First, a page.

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Playoffs Game 6: Pod Makes History, Ousts Pack

The Whalers and Wolf Pack players shake hands after White Rock eliminated North Van in six games Feb. 28.

‘Money’ Whalers win first-ever postseason series

CENTENNIAL ARENA – A tremendous amount of blood, sweat and tears went into an agonizing four-year wait. Now, the White Rock Whalers have marked their sweetest victory.

The Whalers, the fourth and lowest seed in the Tom Shaw Conference, scored a major upset in the first round of the playoffs when they defeated the North Vancouver Wolf Pack, the Pacific Junior Hockey League’s (PJHL) elite, in six games.

The finale came on Feb. 28 when the Pod drubbed the Pack 6-2 on home ice.

“It was a great feeling to not only eliminate the regular season’s best team, but also to get revenge on North Van from two seasons ago,” said Whaler Matt Burry.

Now an alternate captain, Burry remembered the heartbreak from two years earlier as a rookie when the Wolf Pack eliminated the Whalers in five games.

Veteran teammate “Butch” La Roue was also frustrated two years ago. The defenceman is the Pod’s all-time leader in games played and this postseason is his last shot at PJHL glory.

“This is our time as a club to go for it all,” he commented.

This series provided three new ‘first’ milestones for the Whalers: a first-ever playoff series victory; a first knockout of a defending champion (North Van won the league’s crown in 2019, the last final held before the pandemic); and the first time the Pod will play in March.

Goals galore
Jayson Beauregard opened the scoring on Feb. 28. The winger pounced on a turnover and from the right-wing, picked the top corner over Wolf Pack goalie Damian Perovic’s blocker. It was Beauregard’s third of the postseason.

“We are stellar at home,” he said. The Whalers won all three home games in the quarter-finals.

Beauregard came to the Whalers a few months ago in a trade from the league’s worst team, the Port Moody Panthers. In White Rock, the secondary scorer has thrived in the playoffs, as he also notched an overtime winner in game three.

The Whalers doubled the lead when defenceman Caleb Cruz alertly used his stick to poke the puck onside for Burry. The Centennial faithful then heard the satisfying tink! of Burry’s shot off the post and in past Perovic.

“Our start tonight was money,” Burry added. “Our motto for this game was get the lead and don’t look back. Man, did we execute that.”

After North Van’s Matt Carniel put the Pack on the scoreboard, Whaler Ryden Mathieson used his impressive hands to notch a shorthanded goal from a Burry pass.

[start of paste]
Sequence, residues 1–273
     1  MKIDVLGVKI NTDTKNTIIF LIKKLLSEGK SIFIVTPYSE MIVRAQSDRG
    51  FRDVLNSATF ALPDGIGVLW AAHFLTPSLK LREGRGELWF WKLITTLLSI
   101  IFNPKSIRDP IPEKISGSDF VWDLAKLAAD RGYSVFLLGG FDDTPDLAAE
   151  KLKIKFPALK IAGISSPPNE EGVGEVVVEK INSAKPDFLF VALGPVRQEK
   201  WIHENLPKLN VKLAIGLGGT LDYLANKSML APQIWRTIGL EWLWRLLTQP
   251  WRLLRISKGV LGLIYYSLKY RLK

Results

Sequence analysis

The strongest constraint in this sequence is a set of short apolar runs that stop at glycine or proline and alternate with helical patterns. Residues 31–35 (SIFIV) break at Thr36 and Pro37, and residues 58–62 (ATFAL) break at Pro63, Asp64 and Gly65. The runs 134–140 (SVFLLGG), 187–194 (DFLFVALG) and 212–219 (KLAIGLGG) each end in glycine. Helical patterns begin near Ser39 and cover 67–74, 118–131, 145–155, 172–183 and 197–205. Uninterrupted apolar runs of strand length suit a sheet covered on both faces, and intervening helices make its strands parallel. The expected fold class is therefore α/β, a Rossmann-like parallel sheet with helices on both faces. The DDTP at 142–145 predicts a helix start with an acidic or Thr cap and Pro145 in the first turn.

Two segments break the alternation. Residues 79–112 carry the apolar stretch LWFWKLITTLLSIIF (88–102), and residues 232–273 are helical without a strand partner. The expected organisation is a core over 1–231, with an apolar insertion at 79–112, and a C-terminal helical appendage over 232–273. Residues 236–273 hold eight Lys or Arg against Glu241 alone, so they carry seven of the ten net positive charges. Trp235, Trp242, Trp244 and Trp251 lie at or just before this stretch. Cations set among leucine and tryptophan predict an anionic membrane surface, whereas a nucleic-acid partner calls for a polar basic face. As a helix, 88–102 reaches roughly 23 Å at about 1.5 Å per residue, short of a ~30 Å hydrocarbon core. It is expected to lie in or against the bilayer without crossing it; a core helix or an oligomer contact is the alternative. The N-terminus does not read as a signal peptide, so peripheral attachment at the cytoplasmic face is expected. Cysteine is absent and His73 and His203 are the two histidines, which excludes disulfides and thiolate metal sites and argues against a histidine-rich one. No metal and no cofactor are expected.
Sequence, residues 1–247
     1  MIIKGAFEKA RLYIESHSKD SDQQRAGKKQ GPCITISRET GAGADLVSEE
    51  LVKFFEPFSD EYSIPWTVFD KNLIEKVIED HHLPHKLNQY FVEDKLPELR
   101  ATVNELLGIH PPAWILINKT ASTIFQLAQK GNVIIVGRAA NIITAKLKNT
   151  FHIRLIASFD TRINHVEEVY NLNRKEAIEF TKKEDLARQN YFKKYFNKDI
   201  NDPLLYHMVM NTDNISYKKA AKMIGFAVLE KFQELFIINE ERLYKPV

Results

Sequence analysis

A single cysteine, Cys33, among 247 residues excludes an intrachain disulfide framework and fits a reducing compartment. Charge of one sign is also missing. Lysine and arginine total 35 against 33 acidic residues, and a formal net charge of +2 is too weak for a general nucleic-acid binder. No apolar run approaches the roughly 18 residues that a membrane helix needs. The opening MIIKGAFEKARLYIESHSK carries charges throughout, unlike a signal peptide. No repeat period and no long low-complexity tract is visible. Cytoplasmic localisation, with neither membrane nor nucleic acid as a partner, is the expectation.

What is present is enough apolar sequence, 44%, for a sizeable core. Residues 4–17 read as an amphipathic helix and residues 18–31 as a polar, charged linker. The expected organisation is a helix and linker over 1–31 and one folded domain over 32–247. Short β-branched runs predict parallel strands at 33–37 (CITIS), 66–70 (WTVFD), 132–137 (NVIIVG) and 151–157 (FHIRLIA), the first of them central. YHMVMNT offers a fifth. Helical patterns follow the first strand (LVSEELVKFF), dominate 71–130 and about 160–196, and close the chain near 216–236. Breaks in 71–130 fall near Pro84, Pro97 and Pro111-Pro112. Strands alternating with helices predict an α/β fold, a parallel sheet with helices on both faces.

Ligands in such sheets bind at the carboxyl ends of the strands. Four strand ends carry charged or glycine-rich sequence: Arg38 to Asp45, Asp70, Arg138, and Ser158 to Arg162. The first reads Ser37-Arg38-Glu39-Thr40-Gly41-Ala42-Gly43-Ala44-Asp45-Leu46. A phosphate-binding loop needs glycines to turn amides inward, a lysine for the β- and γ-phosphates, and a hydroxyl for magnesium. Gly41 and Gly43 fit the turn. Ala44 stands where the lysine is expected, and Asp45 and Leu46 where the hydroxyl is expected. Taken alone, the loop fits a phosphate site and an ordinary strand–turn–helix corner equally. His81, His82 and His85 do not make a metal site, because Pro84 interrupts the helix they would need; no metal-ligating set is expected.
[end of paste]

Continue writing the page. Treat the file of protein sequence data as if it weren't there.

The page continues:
Weeks before the Christmas break, Mathieson caught the eye of the Western Hockey League’s Prince George Cougars in training camp and will hopefully skate to earn a roster spot next year.

"Big Goal" Cole Svendson notched his second of the postseason on the man advantage. | Photo courtesy of Alistair Burns, White Rock Whalers.

Rennie’s sweet hands

The third period was the Ewan Rennie show. His first goal chased Perovic to the bench; his second, a powerplay marker, ensured that the Whalers would clinch the series at home instead of letting a commanding 3-1 series lead evaporate.

Whaler goalie Keegan Maddocks rebounded from being pulled in game five. In game six, he faced 39 shots and posted his third postseason win for the Pod.

Whalers captain Tyler Price was pleased to be a part of playoff history. Last season when he first wore the ‘C’ – the PJHL cancelled the season in November due to the pandemic,

“The group we have are all playing for each other right now and it’s showing in our play,” he said. “I’m very confident that this series win is just the start for us.”

Veteran Whaler defenceman "Butch" La Roue (22) will look to contain the high-flying Delta Ice Hawks in the semi-finals.

On to Delta

Now, the Whalers will move on to the semi-finals and look to contain the Delta Ice Hawks, a very aggressive and fast-skating team.

“We believe that we can compete with any team in the league, regardless of standings,” concluded White Rock head coach Jason Rogers.

At press time, the semi-final schedule against the Delta Ice Hawks was not set. Check out whiterockwhalers.com, PJHL.net, or download the PJHL app for up-to-date info.

Chris Fortems eludes Wolf Pack defenders to bat home a rebound. | Photo courtesy of Alistair Burns, White Rock Whalers.

Goals galore
Jayson Beauregard opened the scoring on Feb. 28. The winger pounced on a turnover and from the right-wing, picked the top corner over Wolf Pack goalie Damian Perovic’s blocker. It was Beauregard’s third of the postseason.

“We are stellar at home,” he said. The Whalers won all three home games in the quarter-finals.

Beauregard came to the Whalers a few months ago in a trade from the league’s worst team, the Port Moody Panthers. In White Rock, the secondary scorer has thrived in the playoffs, as he also notched an overtime winner in game three.

The Whalers doubled the lead when defenceman Caleb Cruz alertly used his stick to poke the puck onside for Burry. The Centennial faithful then heard the satisfying tink! of Burry’s shot off the post and in past Perovic.

“Our start tonight was money,” Burry added. “Our motto for this game was get the lead and don’t look back. Man, did we execute that.”

After North Van’s Matt Carniel put the Pack on the scoreboard, Whaler Ryden Mathieson used his impressive hands to notch a shorthanded goal from a Burry pass.

Weeks before the Christmas break, Mathieson caught the eye of the Western Hockey League’s Prince George Cougars in training camp and will hopefully skate to earn a roster spot next year.